Link to What's New This Week CRMJ/SOCA 363: Corrections

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Corrections Preparations

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California State University, Dominguez Hills
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Created: June 22, 2003
Latest Update: September 18, 2003

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takata@uwp.edu

Site Teaching Modules CRMJ/SOCA 363: Corrections: Week 4
Who Goes to Prison? and Hassine, part 1
You will be held accountable for purposes of grading for the readings and exercises listed here. There will be no "testing." That means that you will not have to live in anxious anticipation of what we will ask and how much you will have to know. Instead, we will provide weekly discussion questions, lectures, essays, and concepts we feel that you should know as a result of having taken this course. You will assure us of that learning and receive your grade for the questions and concepts about which you choose to write and talk with us. In addition, you will find detailed explanations and examples on our grading policies in the first week's reading.

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Week 4: Week of September 21, 2003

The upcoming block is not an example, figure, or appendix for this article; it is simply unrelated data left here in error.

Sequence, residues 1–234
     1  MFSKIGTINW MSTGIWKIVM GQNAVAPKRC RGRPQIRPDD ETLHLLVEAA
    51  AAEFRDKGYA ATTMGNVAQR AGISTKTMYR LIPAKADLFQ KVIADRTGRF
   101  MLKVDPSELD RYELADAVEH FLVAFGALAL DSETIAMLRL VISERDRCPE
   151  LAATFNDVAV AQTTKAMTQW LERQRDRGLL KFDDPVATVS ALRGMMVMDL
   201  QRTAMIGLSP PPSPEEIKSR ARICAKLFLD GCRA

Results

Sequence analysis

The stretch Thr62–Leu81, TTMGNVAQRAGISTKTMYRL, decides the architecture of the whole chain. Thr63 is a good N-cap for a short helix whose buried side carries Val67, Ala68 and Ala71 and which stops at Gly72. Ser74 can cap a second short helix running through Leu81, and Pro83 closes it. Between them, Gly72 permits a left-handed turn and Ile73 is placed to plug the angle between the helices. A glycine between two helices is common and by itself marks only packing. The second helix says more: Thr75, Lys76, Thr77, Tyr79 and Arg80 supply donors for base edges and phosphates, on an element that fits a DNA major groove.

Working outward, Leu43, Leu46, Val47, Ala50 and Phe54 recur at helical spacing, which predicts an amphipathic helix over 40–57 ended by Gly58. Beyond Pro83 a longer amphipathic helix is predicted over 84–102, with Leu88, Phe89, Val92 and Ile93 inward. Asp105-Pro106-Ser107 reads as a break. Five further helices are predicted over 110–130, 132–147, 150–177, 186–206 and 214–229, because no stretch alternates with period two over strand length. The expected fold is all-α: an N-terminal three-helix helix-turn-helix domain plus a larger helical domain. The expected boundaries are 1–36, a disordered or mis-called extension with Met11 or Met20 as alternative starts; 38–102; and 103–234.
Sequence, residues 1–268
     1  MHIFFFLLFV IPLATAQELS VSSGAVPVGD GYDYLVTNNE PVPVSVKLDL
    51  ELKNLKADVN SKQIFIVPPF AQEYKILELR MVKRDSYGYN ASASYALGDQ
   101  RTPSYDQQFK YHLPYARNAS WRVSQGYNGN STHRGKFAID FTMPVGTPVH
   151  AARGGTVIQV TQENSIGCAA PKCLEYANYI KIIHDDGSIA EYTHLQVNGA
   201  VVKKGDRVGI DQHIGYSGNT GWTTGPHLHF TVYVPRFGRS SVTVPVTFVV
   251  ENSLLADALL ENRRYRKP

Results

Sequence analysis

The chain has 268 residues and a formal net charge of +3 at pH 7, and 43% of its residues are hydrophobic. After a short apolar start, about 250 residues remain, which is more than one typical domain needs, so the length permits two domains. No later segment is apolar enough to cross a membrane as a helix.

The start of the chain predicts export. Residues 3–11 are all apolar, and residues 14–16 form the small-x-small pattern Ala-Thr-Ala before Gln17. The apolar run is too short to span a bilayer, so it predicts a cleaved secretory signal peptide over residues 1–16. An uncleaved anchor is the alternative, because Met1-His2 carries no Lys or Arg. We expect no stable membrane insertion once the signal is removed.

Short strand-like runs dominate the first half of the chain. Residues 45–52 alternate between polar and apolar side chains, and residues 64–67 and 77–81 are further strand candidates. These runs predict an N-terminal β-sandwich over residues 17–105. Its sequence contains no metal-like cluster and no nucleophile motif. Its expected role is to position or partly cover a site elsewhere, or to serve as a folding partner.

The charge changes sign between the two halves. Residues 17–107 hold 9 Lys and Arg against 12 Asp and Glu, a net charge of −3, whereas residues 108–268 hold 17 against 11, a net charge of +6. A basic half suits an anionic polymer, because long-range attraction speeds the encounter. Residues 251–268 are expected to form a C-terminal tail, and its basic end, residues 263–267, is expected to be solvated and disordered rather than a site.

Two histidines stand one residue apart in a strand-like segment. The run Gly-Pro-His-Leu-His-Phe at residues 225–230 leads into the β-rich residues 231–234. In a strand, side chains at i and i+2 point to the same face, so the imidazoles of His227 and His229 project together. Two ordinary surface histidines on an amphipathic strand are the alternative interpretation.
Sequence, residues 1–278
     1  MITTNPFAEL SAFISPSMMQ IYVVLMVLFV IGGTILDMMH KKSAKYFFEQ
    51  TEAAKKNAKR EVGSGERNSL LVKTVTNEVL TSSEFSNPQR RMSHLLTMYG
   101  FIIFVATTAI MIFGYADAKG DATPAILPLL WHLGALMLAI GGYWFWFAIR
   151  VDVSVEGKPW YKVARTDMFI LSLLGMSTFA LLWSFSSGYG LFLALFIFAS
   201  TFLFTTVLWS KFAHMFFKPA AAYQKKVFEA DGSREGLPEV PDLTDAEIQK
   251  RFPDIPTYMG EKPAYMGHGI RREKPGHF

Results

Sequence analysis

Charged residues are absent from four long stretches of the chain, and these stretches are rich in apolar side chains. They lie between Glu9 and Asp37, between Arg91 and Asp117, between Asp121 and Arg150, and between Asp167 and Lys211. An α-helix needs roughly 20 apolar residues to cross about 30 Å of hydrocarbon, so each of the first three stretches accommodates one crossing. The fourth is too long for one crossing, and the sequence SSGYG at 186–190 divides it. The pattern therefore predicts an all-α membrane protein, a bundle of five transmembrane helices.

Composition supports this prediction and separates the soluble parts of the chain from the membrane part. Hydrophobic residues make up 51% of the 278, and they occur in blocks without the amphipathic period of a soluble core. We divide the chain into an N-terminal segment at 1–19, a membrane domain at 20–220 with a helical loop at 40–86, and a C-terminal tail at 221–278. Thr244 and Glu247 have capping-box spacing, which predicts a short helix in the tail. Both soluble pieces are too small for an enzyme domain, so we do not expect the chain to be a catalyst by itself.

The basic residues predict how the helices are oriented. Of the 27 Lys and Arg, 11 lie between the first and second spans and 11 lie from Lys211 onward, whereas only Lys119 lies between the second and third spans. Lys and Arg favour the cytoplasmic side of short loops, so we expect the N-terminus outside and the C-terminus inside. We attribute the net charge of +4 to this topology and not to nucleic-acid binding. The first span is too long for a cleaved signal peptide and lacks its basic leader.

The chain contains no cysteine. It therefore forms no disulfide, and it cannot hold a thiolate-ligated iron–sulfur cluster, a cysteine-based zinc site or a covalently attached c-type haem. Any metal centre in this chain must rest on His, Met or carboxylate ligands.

• Topic: Who Goes to Prison? and Hassine, pt 1

  • Preparatory Readings:
    --- Haas and Alpert. Dilemmas of Corrections. ch. 3-6
    --- Hassine. Life Without Parole. ch. 1-8

  • Lecture: in class

  • Concepts:

    • jail and prison (similarities and differences)

  • Discussion Questions:
    1. Who goes to prison? Why.
    2. Is the selection process discriminatory? Why or why not?
    3. Who "belongs" in prison? Why.
    4. What are your reactions (i.e., thoughts, impressions) to the first eight chapters of Life Without Parole ? What surprised you most about the most, so far?
    5. In terms of "theory, policy, practice," what do Hassine's experiences and observations tell us about today's prison? Why.

  • Ideas and Suggestions for Creative Measures
    • If you enjoyed reading Hassine's Life Without Parole , you might be interested in other prison autobiographies/biographies: a) Jack Henry Abbott. In the Belly of the Beast. b) Leonard Peltier. Prison Writings. c) Eldridge Cleaver. Soul on Ice. d) Rubin "Hurricane" Carter. Thirteenth Round.

  • Recommended Readings:
    • Alfie Kohn. Beyond Discipline.
    • James Austin and John Irwin. It's About Time: America's Imprisonment Binge.
    • Georg Rusche and Otto Kirchheimer. Punishment and Social Structure.
    • David Rothman. Discovery of Asylum.
    • Michel Foucault. Discipline and Punish

  • Interesting Links:


  • Site Copyright: Jeanne Curran and Susan R. Takata and Individual Authors, June 2003.
    "Fair use" encouraged.